Thursday, January 22, 2009

Korean Last Name Series: Gyeongju Son

Dear Korean,

My mother's last name is Son and her immediate family lives in Kyeungju, Korea. I don't know which sub-clan she comes from. What is the folklore around the "very first" Son?


Dear Okashiikanojyo,

Because the Korean already wrote a lot on Korean last names, often the Korean would receive questions regarding specific last names such as yours. So far the Korean has been answering them privately, but it would be interesting to build an archive of Korean last name-related stories. So here it goes.

The Korean assumes that you meant to spell "Gyeongju", a city in southeastern Korea which has a great historical heritage. Although it is entirely possible that your mother is not Gyeongju Son (pronounced sohn,) it is fairly likely. Therefore, the Korean will provide the story for the first Gyeongju Son.

Gyeongju Son clan has an interesting story. Originally, the last name began when in 32 AD, the king of Shilla (one of the three kingdoms in the Korean peninsula at the time) gave the last name Son to one of the tribe leaders. At the time, the kingdom of Shilla was essentially a federation of six tribal villages, so giving a gift as lavish as a last name was a good idea for a king who must please the village leaders.

However, currently Gyeongju Son clan considers a person named Son Sun (Sohn Soon) to be the first Gyeongju Son. Son Sun was a poor man who lived with his elderly mother, wife, and a young child. The whole family barely had enough to eat, but the young child would always take Son Sun's mother's food. Seeing that, Son told his wife: "We can have another child, but we cannot have another mother. My mother must be starving because our child keeps on taking her food. We should bury the child so that my mother can eat well."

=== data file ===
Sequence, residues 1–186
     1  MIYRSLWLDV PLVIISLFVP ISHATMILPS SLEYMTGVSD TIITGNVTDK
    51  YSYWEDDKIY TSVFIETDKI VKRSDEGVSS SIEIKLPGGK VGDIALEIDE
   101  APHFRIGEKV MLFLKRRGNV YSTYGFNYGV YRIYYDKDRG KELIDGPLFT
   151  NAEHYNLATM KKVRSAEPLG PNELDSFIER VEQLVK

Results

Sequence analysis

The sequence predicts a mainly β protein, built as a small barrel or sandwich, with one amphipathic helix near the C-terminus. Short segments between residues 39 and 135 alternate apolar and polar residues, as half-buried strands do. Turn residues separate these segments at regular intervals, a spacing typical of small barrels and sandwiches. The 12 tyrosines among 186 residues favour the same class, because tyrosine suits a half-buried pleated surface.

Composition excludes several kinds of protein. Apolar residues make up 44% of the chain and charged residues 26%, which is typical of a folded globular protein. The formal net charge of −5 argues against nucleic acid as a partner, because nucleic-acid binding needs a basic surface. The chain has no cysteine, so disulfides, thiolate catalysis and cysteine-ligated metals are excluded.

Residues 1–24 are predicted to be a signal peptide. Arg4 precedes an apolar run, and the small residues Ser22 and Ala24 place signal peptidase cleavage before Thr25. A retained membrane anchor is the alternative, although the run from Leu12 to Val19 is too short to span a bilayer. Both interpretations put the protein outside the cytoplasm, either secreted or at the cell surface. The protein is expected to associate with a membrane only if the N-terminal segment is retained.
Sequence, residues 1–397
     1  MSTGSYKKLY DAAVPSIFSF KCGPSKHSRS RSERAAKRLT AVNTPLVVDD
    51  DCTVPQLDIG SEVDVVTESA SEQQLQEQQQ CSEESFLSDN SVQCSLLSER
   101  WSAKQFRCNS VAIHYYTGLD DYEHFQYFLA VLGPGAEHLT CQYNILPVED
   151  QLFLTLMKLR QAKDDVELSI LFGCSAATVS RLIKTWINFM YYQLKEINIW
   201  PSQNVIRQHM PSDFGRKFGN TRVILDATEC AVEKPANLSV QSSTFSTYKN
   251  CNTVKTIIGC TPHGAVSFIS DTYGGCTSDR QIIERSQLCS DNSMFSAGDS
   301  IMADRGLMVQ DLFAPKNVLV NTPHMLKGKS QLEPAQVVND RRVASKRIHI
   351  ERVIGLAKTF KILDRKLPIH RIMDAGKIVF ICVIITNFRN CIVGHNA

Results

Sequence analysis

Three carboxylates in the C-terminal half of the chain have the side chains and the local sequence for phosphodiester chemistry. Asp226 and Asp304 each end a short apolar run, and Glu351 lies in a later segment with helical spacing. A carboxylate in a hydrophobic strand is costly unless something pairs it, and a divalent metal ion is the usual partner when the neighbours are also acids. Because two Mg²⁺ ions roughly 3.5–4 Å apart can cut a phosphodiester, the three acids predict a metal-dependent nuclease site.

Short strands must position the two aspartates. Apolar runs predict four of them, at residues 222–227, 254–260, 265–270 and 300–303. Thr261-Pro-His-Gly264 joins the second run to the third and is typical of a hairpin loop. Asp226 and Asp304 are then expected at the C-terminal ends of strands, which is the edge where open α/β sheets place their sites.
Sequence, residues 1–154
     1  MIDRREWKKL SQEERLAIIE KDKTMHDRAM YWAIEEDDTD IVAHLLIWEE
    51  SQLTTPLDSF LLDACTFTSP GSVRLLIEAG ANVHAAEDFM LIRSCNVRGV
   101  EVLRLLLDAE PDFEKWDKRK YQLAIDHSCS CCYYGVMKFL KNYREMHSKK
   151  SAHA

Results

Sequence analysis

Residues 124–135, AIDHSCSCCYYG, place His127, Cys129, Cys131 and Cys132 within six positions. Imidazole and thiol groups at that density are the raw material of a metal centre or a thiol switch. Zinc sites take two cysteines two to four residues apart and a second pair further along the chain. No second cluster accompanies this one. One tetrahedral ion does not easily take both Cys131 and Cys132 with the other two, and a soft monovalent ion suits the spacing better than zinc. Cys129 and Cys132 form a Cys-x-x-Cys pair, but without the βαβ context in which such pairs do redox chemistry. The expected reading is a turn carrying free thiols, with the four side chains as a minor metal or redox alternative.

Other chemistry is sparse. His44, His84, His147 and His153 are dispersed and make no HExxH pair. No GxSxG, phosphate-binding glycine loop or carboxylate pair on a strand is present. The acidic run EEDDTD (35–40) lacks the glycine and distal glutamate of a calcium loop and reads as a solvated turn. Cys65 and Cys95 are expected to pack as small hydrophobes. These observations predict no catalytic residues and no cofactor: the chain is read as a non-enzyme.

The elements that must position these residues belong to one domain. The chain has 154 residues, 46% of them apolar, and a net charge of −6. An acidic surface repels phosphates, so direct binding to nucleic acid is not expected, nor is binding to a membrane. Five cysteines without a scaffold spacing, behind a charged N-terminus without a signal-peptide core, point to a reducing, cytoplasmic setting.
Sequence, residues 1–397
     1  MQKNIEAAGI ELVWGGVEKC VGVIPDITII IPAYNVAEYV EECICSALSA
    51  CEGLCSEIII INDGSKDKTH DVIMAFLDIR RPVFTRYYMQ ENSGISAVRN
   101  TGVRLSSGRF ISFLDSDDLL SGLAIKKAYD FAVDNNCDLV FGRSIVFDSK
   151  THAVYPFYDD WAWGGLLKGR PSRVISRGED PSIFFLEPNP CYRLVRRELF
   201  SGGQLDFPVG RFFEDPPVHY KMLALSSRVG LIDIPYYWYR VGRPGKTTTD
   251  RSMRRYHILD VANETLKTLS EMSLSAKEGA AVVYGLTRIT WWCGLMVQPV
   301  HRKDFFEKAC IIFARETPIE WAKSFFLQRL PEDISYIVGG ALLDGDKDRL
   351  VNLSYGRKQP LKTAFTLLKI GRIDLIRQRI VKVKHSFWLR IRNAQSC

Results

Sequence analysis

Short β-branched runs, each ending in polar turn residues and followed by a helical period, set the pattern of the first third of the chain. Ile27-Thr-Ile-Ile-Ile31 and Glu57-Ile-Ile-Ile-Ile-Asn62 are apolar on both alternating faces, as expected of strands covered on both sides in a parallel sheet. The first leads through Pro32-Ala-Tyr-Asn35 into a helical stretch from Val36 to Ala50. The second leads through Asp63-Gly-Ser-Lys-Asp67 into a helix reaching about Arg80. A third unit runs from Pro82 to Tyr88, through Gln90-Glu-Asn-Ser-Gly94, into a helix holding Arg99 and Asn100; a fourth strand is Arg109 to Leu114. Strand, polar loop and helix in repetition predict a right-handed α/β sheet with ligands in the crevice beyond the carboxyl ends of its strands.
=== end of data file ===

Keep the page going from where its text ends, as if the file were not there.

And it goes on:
So the couple took the child into a nearby mountain and began digging a hole. But when they did, they found a strange bell made of stone. The couple hung the bell on a tree and tried ringing it, and the sound was beautiful and clear. The wife said "It must be the child's fortune to gain this strange object, so let us take the child back." Son Sun agreed, and took the child and the bell home. Son rang the bell, and the clear sound would travel all the way to the palace. The king asked about the sound of the bell, and the king's envoy learned the story and told the king. The king, moved by Son's filial piety, gave Son a house and a lot of food to honor his virtue. Son turned his previous house into a temple, and put the bell there.

Rather interesting story because it shows how seriously traditional Koreans regarded being good to your parents. Another interesting part is the surprising element of death and cruelty in the story, told in a matter-of-fact tone -- it is a familiar refrain in Korean folk tales.

Got a question or a comment for the Korean? Email away at


  1. Okashi kanojo - sweet girl? (or has my Japanese deteriorated to an abysmal level?)

    Thank you for the question and thanks to AAK! for his answer.

    As a mini-followup, and to see if I can slip a question in, where would one go if one wanted to see the largest conglomeration of Kims in one location? Where's the largest clan party at?

  2. Depends on what clan you are talking about -- there are hundreds of different Kim clans.

  3. Fascinating--how/where does one learn more about clan origin stories? (Aside from the "big" ones, I mean, like Gimhae Kim and Gyeongju Park.)

  4. here's a great site:

  5. Thanks, Kimchikraut. Now I just need to improve my reading skills. :)

  6. How about the last name Koo?

  7. This must be a very old story. A very similar story is in the 24 Exemplars of Filial Piety written during the Yuan Dynasty in China.


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